A Note On CSV Injection Reports

We process a large number of submissions every day, some of which have a high impact on the WordPress ecosystem, and others less so. In order to ensure that our work effectively helps make the web a safer place, we have to prioritize the submissions we receive. As part of that, we’d like to clarify how we’ll handle CSV Injection submissions going forward. 

Who Should Mitigate CSV Injection Vulnerabilities?

Many bug bounty programs specifically reject CSV Formula Injection vulnerabilities for various reasons, Google being one of the most popular companies to have done so. They even wrote a blog post describing the rationale behind that decision, which states the following:

it is important to remember that CSV files are simply text files (the format is defined in RFC 4180) and that only a subset of the applications which open CSV files actually evaluate formulas – it’s more of a side effect of the CSV format and not a vulnerability in Google products which can export user-created CSVs. In consequence, this issue should be mitigated by applications which import/interpret data from external sources such as CSV files, as e.g. Microsoft Excel does by displaying a warning. In other words, the proper fix should be applied when opening CSV files, not when creating them.

In that same line of thought, other spreadsheet software vendors have already implemented countermeasures to deter formula injection attacks when opening/importing CSV files. 

One example of that is the latest version of LibreOffice, which will not evaluate formulas when importing CSV files by default, leaving it to the user to enable the option to do so.

LibreOffice explicitly requires users to toggle that option to evaluate formulas in CSV files.

What Will WPScan Do About Them?

We intend to follow a similar line of thought from now on. We will no longer accept CSV Injection submissions where the only security risk is other applications interpreting formulas injected by ill-intentioned visitors. 

This however does not mean we’ll reject 100% of reports that involve injecting something in a CSV file. We may, in some specific circumstances, elect to accept CSV Injection submissions that actively affect the very functioning of the plugin at stake, and lead to tangible security risks.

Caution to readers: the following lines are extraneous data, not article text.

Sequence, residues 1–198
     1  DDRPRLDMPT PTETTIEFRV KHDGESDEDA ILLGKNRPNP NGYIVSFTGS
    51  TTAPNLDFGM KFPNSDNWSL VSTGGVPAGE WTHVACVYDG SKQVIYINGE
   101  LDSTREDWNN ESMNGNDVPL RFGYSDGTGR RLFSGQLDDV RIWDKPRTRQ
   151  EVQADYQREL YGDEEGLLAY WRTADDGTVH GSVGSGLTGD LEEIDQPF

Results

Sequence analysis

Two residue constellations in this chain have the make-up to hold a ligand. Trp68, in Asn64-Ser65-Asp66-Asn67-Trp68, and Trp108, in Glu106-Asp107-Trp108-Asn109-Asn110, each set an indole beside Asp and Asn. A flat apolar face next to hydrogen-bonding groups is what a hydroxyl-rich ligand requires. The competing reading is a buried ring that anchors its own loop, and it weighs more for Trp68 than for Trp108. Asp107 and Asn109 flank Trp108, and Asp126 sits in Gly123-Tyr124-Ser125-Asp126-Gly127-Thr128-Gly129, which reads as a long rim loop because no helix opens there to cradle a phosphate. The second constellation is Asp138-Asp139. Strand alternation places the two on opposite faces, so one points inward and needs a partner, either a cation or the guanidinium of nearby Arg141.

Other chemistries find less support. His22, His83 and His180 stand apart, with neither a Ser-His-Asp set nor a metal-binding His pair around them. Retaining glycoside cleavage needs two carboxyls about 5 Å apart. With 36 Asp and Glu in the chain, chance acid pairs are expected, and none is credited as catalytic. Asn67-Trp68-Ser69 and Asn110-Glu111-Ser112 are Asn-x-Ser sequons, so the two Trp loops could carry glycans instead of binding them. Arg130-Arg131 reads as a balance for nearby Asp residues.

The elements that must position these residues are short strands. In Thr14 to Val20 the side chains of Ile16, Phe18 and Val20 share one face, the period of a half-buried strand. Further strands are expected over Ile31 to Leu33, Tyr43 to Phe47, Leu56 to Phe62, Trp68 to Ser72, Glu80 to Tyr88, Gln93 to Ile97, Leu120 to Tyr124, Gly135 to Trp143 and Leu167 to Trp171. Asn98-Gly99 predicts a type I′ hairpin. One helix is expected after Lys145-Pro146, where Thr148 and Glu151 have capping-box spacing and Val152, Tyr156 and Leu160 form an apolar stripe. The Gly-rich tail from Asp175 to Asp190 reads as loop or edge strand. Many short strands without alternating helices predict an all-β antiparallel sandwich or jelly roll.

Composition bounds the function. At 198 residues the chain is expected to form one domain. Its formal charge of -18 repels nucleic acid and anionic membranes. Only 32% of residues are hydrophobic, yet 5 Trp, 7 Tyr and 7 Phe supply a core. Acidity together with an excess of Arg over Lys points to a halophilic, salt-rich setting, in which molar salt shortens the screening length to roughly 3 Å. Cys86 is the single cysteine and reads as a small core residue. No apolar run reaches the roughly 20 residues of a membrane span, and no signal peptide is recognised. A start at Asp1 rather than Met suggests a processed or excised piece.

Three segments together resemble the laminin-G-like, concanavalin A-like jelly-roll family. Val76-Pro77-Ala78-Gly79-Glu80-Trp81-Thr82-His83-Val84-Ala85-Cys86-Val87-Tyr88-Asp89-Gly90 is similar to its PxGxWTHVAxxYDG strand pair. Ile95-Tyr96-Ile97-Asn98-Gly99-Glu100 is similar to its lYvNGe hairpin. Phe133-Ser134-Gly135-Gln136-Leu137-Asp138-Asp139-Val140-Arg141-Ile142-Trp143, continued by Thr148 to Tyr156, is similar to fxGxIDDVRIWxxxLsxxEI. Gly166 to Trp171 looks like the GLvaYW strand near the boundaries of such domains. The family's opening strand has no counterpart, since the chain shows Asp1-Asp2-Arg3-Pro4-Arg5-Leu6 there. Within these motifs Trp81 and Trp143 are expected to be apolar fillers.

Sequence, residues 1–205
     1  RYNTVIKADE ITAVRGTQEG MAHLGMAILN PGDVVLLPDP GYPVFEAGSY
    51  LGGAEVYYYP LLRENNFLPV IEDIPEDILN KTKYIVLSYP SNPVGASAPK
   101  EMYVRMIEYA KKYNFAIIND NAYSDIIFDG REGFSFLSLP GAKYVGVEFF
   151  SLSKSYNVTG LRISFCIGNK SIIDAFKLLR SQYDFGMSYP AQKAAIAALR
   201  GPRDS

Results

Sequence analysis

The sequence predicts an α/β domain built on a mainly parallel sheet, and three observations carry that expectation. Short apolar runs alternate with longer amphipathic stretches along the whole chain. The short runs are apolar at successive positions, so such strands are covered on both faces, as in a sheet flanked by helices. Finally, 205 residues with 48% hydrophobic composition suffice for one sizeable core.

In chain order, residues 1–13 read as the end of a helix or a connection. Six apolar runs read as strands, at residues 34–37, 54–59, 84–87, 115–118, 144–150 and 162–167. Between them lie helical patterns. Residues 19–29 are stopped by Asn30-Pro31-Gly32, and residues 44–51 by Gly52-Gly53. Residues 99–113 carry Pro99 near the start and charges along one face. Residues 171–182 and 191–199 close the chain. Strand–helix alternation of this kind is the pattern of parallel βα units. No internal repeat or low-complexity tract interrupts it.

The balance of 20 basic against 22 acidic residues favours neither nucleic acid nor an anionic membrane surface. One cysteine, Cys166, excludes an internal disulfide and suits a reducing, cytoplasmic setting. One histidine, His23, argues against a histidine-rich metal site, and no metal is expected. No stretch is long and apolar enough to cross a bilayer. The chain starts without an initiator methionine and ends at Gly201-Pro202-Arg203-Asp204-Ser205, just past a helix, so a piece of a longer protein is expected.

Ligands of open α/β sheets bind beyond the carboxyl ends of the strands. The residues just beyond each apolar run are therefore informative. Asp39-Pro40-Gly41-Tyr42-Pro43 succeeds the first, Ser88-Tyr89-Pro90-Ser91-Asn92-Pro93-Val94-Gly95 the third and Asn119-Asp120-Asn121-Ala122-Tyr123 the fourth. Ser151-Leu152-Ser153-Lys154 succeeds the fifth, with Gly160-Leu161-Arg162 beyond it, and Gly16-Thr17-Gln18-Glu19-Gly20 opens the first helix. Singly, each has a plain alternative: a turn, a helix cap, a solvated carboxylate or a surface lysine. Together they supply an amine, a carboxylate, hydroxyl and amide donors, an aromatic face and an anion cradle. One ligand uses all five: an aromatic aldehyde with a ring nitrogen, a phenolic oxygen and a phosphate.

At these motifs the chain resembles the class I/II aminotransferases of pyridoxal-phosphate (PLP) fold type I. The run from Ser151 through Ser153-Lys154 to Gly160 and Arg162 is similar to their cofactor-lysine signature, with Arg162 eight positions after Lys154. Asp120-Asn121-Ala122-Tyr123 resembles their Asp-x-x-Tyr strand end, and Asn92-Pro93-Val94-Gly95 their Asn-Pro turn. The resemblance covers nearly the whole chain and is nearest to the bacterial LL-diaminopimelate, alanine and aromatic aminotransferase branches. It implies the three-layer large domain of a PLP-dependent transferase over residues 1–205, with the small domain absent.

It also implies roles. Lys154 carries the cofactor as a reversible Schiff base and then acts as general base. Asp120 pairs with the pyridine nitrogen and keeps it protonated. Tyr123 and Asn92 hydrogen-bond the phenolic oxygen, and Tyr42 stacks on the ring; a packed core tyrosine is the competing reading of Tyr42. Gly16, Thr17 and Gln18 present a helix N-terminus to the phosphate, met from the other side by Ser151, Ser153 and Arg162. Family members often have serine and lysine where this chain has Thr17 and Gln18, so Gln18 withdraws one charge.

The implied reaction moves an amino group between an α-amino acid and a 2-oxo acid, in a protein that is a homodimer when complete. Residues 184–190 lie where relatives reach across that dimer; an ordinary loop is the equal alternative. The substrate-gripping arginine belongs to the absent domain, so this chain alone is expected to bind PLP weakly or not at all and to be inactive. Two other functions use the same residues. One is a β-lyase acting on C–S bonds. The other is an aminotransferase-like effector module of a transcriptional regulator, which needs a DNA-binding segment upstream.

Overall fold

Some examples of submissions we may still accept include the following:

  • CSV Injection in a user migration plugin where one could inject extra new lines, and create new administrator users on the site where the CSV is imported. 
  • Cases where adding new columns (by injecting commas) may allow attackers to change sensitive fields.

Obviously, this is not an exhaustive list, and it will most likely be updated in the future as we receive more submissions.

“Are You Saying CSV Injection Isn’t A Security Issue?”

To be clear, this is not about whether CSV Injection attacks constitute a security risk or not. They clearly do. 

This is about defining what the problem is, and figuring out who should be responsible for fixing what. We’re of the opinion that formula injection is only a problem because spreadsheet software vendors made it so by interpreting text data as formulas. Logically, they should be the ones to fix that behavior.

However, preventing the injection of new columns or rows definitely lands in the hands of plugin owners. This is especially the case if the resulting malformed CSV file may lead to security issues.

Having a clear distinction between those two is fundamental for us. It lets us communicate our expectations better when sharing your findings with plugin authors.

Can I Still Request CVEs For Rejected CSV Injection Issues?

While we may decide not to process your submission based on that reasoning, if you choose to report your finding to the plugin author directly, and they fix the problem, we will be more than glad to add it to the database and issue a CVE for it.

Simply let us know how or where it’s been fixed when submitting it to us.

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